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Jewish Journal

Sinai Temple’s Friday Night Live to undergo change

by Ryan Torok

April 23, 2014 | 1:39 pm

From left: Craig Taubman and Rabbi David Wolpe. Photo by Annie Little

From left: Craig Taubman and Rabbi David Wolpe. Photo by Annie Little

Rabbi David Wolpe and Craig Taubman announced on April 11 that they will no longer be leading Sinai Temple’s highly popular and influential Friday Night Live services after June 13.

“I’m old, and he’s tired … the time has come for younger and spryer folk,” Wolpe said at the most recent Friday Night Live, standing on the Sinai bimah alongside musician and producer Taubman.

The “younger and spryer folk” he was referring to will be Rabbis Nicole Guzik and Jason Fruithandler, who are set to succeed the founders this summer.

In a recent interview, Taubman agreed that age had been a factor in the pair’s decision to call it quits from the monthly musical service that he and Wolpe have been co-leading for more than 15 years.

“It’s no longer a young professionals service, but you know, it falls under the rubric of Atid, the young professionals program [at Sinai],” Taubman said. “Rabbi Wolpe and my demographic is clearly not 29-year-olds. … Both David and I reached the conclusion that it was time to pass it on to other people.”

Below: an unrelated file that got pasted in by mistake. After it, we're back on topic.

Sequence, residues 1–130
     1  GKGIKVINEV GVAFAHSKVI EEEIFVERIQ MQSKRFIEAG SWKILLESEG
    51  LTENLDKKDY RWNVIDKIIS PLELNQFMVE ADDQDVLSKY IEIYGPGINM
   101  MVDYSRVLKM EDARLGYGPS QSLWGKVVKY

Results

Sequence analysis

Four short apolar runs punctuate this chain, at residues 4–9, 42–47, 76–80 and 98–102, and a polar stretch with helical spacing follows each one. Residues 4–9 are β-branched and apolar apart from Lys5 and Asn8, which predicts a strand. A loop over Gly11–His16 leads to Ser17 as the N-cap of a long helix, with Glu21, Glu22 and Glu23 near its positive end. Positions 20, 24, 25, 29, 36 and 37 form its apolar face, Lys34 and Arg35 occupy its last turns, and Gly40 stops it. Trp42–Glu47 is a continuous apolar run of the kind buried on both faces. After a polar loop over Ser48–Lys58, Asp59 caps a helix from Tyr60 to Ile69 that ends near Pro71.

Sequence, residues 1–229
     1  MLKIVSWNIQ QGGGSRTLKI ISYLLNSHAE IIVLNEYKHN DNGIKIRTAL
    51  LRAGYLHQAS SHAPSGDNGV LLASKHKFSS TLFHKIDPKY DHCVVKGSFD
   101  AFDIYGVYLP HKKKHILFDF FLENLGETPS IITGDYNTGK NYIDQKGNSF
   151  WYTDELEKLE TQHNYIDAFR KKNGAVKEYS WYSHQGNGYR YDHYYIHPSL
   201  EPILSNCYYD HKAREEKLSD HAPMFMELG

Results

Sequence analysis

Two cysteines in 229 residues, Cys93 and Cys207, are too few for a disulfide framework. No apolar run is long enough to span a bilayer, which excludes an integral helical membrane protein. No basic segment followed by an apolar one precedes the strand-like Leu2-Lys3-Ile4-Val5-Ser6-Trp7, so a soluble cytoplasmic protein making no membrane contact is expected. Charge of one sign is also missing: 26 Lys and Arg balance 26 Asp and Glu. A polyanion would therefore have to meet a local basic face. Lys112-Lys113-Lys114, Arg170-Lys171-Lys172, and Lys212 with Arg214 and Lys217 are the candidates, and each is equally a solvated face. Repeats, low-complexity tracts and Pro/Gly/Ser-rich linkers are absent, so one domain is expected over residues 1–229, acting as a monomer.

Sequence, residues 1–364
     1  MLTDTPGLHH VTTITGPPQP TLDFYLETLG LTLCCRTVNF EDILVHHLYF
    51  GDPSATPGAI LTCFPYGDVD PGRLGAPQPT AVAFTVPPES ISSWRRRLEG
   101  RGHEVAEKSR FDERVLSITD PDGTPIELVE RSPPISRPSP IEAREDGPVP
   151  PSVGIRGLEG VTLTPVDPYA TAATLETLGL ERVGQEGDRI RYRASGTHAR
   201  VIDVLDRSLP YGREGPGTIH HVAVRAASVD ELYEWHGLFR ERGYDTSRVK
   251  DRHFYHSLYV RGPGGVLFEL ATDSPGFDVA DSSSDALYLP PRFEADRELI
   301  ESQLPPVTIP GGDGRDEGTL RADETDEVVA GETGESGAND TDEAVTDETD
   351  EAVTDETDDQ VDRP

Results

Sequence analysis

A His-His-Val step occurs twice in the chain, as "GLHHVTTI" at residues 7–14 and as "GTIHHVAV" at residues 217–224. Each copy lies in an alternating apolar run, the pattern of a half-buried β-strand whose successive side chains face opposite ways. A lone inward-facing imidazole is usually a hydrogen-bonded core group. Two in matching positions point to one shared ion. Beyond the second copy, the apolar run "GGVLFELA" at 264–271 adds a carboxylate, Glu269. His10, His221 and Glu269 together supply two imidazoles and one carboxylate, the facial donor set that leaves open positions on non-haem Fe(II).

When the duo created Friday Night Live in 1998, Wolpe (now 55) and Taubman (now 56) were in their late 30s. Wolpe had approached Taubman with the idea of a concise, Friday night service that would integrate instrumental music and serve young professionals — although it expanded several years ago to include people up to age 40.

The rabbi’s goal was to create an experiential take on the Friday night service, to make prayer relevant for an often-apathetic community. It would do so by offering a concert experience with unique, melodic interpretations of traditional prayers, special guests, a short sermon and a social component — a singles event for young professionals at the end of every service.

It worked. Friday Night Live, since its inception, has inspired legions of synagogues across the country to rethink approaches to Friday night services, according to a 2009 Ziegler School of Rabbinic Studies essay by Rabbi Laurie Matzkin as part of her thesis. 

Attendance at Sinai’s Friday Night Live grew exponentially over the years. It reached its peak around 2005, when it drew close to 1,500 attendees each month — a dramatic increase from the 300 people who attended the inaugural one.

Two Wolpe- and Taubman-led Friday Night Live services remain.

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